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Two Chronic Fatigue Syndrome victims win denied disability insurance appeal
Monday 4 June 2012
Two Chronic Fatigue Syndrome Victims Win Denied Disability Insurance Appeal
Sacramento, CA: In two recent and separate incidents, two people who were wrongfully denied disability insurance won their appeals in court. Coincidentally, they both suffer from Chronic Fatigue Syndrome (CFS).
Judi Peterson had her benefits terminated by her employer, AT&T, even though she was deemed completely disabled from CFS since 2006. This May, she won her wrongfully denied disability lawsuit against her employer and insurer in the U.S. District Court for the Northern District of California. The court (in a non-jury trial) found that AT&T Umbrella Benefit Plan No. 1 ("AT&T"), administered by third-party administrator Sedgwick CMS, abused its discretion and wrongfully terminated Peterson’s long-term disability benefits. Furthermore, the court ruled that AT&T’s benefits termination was “illogical and without support in inferences that may be drawn from the facts”.
Despite the fact that her condition did not get any better since 2006, AT&T terminated her benefits: their reasoning was “lack of objective evidence”, which is a common denial tactic. Although there are no objective tests for CFS, AT&T hired three independent medical examiners from Insurance Appeals, LTD (also known as Network Medical Review or NMR) and all three made incorrect diagnoses. AT&T also used documents that didn’t reflect CFS, specifically a medical record review and a Transferable Skills Analysis test.
The court further found that AT&T disregarded the law requiring it to ensure that the reasons for the termination of benefits actually had factual support. Brent Brehm, the lead trial attorney representing Peterson, said the court’s decision illustrates that policyholders cannot always rely on an 'unbiased' third-party administrator to make logical and fact-based benefits decisions. "Denials must be carefully scrutinized, and if the conclusions appear unfair, incorrect, or ridiculous, they probably are,” said Brehm.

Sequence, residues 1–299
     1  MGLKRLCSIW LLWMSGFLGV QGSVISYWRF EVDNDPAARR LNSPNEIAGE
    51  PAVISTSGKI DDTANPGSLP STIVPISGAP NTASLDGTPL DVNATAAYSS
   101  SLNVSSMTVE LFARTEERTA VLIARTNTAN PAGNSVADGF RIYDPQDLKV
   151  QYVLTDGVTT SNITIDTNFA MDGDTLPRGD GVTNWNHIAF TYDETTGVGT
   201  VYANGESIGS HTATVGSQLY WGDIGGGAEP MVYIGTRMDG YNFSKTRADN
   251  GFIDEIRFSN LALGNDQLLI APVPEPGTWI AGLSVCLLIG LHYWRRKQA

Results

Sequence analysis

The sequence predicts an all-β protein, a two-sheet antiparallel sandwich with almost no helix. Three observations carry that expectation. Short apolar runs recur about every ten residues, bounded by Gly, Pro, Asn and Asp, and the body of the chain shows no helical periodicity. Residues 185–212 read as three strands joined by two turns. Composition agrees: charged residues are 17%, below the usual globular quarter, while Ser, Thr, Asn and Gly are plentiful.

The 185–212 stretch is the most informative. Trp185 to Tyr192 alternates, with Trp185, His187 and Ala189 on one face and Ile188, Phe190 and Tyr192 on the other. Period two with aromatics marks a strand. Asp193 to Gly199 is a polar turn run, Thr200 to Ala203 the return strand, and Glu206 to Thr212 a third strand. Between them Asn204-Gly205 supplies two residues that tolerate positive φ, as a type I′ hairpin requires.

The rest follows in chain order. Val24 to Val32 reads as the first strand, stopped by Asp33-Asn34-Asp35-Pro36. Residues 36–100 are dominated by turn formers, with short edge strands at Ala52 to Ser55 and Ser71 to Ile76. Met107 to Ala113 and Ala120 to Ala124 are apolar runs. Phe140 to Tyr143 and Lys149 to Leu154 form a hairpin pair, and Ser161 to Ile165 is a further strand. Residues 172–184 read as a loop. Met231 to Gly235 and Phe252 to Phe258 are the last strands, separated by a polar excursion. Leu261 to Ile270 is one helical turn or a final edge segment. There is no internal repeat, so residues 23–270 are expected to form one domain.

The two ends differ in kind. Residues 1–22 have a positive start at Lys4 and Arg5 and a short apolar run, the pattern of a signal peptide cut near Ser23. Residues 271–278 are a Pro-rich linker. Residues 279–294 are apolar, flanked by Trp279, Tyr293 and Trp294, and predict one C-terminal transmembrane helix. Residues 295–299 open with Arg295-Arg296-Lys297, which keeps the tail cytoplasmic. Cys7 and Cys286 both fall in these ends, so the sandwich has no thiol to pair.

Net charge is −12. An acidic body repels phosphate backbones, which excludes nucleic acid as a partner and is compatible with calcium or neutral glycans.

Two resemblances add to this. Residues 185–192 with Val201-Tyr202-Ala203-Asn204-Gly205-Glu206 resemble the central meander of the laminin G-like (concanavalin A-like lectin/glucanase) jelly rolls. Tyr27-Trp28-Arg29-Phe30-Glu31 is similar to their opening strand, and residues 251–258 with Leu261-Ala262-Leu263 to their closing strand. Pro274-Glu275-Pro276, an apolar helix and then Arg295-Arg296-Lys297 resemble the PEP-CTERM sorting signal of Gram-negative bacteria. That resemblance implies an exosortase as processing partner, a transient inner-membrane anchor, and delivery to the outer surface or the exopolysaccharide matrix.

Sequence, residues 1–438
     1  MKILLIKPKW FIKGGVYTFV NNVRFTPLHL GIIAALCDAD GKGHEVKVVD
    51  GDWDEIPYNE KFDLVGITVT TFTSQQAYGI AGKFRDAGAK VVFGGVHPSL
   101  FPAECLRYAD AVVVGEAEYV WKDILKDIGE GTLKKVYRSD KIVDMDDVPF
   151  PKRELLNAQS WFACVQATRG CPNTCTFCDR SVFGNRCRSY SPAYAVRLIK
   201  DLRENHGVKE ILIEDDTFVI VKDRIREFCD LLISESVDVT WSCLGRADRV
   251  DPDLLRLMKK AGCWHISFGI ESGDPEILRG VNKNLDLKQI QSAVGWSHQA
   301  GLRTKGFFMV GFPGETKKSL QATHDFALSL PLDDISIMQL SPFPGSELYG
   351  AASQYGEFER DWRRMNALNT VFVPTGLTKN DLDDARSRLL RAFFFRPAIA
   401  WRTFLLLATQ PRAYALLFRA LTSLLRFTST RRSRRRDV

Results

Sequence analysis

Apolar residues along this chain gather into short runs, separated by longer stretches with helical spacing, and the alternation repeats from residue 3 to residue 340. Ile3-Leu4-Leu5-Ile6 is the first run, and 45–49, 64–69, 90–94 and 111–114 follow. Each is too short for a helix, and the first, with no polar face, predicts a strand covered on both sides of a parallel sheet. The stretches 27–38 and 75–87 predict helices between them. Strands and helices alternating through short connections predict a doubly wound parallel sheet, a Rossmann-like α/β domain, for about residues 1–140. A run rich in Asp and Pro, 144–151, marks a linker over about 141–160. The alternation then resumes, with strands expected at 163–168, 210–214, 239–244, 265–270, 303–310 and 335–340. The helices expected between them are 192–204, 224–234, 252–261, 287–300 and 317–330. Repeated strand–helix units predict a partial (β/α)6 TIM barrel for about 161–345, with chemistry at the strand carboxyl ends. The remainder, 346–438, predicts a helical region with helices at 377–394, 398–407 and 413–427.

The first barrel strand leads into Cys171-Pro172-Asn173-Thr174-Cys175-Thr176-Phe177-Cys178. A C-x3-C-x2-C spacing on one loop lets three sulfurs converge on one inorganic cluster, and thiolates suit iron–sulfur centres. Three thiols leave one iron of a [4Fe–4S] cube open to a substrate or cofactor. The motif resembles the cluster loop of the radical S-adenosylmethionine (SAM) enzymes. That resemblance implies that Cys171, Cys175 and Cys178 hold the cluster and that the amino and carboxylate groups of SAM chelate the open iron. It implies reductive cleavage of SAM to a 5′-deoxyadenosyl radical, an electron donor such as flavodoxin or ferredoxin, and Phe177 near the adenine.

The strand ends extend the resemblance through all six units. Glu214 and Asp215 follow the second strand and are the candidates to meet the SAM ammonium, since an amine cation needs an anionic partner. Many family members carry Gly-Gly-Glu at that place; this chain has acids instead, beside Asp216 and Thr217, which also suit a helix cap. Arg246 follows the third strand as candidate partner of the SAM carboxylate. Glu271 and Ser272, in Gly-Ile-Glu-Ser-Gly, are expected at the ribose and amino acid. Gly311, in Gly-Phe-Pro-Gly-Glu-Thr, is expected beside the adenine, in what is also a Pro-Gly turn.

(See more information about Peterson v. AT&T Umbrella Benefit Plan.)
In the second case, an Oregon court found in favor of former attorney Kenneth Ayers’ wrongful denial of benefits claim.
His employer had an ERISA-regulated health benefits plan maintained by the Life Insurance Co. of North America (LINA). Although LINA initially approved Ayers’ LTD and paid him $5,000 per month, they terminated his benefits five years later, in 2007, determining that Ayers suffered from depression and not CFS. The U.S. District Court for the District of Oregon determined otherwise.
In March 2008 Ayers appealed LINA's benefits termination, but LINA upheld its decision. Then in August 2008 Ayers was awarded a lump sum of more than $108,000 in SSDI benefits, retroactive from March 2002.
In September 2008 Ayers filed a claim for long term disability (LTD) benefits against LINA and the insurer counter-claimed, claiming that Ayers owed them $99,885 in allegedly overpaid benefits.
In Ayers v. Life Insurance Company of North America, the court ruled that Ayers indeed suffered from CFS and it had resulted in total disability. The district court found that Ayers’ documentation proved he was unable to work due to fatigue, muscle pain, sore throats, cough, headaches, poor sleep and chest pain. Although Ayers is suffering from depression, it is unrelated to CFS impairments. Medical experts testified that, although Ayers is suffering from depression, even severe depression could not result in his severe cognitive impairments. The court ruled out psychological issues at the time of his CFS diagnosis.
District Judge Ann Aiken raised another issue regarding whether LINA made fraudulent statements and commissioned false medical reports to facilitate termination of Ayers' LTD benefits. In conclusion, Ayers adequately supported his "unclean hands" defense to LINA's equitable claim asserting overpayment, and the court separately held that such a defense was not preempted under ERISA.
The above originally appeared here.
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